You hear this term thrown around the crypto-sphere a lot, but I wager that 90% of the supposed experts that you ask don’t actually understand the meaning of it, and only serve to continue the cycle of misunderstanding. I hope to clarify the situation and I hope that after you read this, the next time someone says that “[so-and-so] is not decentralized” you will be able to correct them, with the confidence of the Dos Equis man with a half lit cigar and a bourbon.
So what does it mean to be decentralized?
Let’s start with the good ol’ Webster-Merriam definition:
noun de·cen·tral·i·za·tion (ˌ)dē-ˌsen-trə-lə-ˈzā-shən 1: the dispersion or distribution of functions and powers; specifically : the delegation of power from a central authority to regional and local authorities
So with those images in mind lets go over all the different contexts by which we can judge a cryptocurrency in terms of its topology.
Who controls the source code of the project? If it is closed-source, then clearly it is centralized, and opaque. But what if it was open-sourced? Does that mean it is decentralized? Certainly we can’t call a project which is open-sourced centralized in terms of control of its code, as it could be simply copied and forked by others. Though if you look at Bitcoin as an example, although its code is open, the number of people who hold commit rights to the code base are a very select few. Although this control is limited, I would still label an open-sourced project a decentralized one. It may not be as decentralized as say, the internet, but it is certainly not as centralized as say, the code for MS Office.
How do participants join? Who gets to determine who is allowed to participate? How are bad actors handled? Are they expelled by the will of a superuser controller or voted out by a quorum of network peers or simply ignored? As most cryptos are Dynamic Membership Multi-Signature (DMMS) systems, they are all decentralized by nature. We can contrast this with traditional banking and brokerages, which whom you must open up an account with in order to participate. Even the internet is more centralized in this regard, as we discussed earlier, you must register domain names with a registrar which operate under the oversight of ICANN. Although some fine folks are working on changing that. With crypto, you can join the network and create your own accounts without getting anyone’s permission, and indeed this is the basis upon which most ‘cold wallets’ work.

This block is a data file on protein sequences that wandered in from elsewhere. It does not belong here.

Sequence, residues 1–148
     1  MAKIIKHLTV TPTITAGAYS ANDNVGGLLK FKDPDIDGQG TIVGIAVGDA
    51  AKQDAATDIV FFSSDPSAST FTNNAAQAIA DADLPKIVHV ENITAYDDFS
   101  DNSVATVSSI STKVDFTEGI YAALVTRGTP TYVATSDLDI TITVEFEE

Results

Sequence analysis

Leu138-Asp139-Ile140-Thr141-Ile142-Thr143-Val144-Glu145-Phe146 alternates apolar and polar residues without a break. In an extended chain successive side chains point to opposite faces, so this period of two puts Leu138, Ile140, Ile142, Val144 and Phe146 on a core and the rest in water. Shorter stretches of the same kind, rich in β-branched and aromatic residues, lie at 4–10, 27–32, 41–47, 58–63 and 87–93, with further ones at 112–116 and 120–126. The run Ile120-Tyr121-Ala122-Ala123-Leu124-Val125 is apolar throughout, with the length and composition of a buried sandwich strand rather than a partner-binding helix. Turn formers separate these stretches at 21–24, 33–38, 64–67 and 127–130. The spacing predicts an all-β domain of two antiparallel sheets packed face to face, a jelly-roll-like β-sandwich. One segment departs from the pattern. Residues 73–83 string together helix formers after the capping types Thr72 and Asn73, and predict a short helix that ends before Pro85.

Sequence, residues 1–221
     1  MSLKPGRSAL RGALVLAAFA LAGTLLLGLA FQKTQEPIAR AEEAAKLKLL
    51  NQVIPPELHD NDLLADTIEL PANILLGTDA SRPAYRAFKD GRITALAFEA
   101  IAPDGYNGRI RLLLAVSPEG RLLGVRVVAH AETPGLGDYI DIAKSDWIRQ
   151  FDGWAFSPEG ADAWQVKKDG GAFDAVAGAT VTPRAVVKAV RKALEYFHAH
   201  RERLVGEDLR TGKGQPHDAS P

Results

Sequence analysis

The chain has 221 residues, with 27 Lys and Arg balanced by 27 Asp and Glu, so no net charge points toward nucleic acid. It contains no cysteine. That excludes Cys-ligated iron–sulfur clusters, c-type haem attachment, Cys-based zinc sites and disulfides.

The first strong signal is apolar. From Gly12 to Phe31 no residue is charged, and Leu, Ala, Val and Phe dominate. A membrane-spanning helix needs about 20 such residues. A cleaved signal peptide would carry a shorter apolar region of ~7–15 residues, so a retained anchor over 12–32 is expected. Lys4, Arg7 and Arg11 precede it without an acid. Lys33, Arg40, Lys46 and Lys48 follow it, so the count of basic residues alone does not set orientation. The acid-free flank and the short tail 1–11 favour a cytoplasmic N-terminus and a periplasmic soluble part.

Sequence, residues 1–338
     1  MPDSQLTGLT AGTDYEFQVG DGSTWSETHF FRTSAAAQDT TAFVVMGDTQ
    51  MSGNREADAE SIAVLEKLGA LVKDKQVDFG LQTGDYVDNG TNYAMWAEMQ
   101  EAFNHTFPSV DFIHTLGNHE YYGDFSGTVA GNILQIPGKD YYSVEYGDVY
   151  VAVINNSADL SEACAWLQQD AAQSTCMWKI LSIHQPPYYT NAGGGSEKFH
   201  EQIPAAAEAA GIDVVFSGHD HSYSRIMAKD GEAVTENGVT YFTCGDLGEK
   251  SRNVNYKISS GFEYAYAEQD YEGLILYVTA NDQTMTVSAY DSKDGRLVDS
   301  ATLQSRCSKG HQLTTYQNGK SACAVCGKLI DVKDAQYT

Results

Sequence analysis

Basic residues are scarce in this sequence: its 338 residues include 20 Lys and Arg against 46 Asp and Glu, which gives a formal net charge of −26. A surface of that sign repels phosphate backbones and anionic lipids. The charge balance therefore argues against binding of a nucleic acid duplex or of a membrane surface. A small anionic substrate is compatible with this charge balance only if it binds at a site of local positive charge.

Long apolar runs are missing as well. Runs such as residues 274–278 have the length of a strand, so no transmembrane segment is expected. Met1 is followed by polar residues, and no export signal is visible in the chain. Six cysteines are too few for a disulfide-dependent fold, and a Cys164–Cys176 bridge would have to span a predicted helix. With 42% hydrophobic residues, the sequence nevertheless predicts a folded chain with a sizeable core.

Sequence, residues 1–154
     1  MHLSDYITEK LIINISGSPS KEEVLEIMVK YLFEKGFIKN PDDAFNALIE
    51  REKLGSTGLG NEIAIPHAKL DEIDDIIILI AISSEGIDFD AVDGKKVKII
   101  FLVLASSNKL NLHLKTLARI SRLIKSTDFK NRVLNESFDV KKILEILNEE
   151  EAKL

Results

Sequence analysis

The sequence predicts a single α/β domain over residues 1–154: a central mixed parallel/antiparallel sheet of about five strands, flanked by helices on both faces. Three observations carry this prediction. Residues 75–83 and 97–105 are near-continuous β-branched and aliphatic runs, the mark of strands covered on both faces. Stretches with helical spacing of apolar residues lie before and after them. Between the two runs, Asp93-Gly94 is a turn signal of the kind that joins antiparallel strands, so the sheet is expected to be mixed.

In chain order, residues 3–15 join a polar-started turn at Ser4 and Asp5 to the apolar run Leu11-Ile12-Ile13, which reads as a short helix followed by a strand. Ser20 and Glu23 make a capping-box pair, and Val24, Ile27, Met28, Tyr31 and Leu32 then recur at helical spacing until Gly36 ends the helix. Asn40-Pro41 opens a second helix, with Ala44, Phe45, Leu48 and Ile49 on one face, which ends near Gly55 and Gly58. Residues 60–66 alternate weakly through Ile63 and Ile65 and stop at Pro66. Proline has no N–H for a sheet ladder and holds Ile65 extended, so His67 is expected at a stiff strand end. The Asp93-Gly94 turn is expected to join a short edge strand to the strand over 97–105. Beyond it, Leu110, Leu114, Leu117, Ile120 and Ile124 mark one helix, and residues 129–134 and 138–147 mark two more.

Value distribution (token distribution)
How is the distribution of its token handled? Is it dolled out to groups or early investors from a central repository controlled by an entity? Is it earned or mined by participants themselves? Is it some combination of the two? This is a particularly contentious topic and one that will most likely get at least 3 people in the room embroiled in a heated debate, that may or may not end with a broken nose. That is because the method of value token distribution is at the heart of why many claim crypto-currencies are scams or ponzi schemes. Apparently making a token out of nothing and selling it to people for profit is something that only the government licensed banks are allowed to do. If you make your token yourself and distribute or sell it to people, then you are running a centralized value token. You may or may not be operating a ponzi-scheme. Proof of work is the only way to achieve decentralized distribution of a token without picking favourites.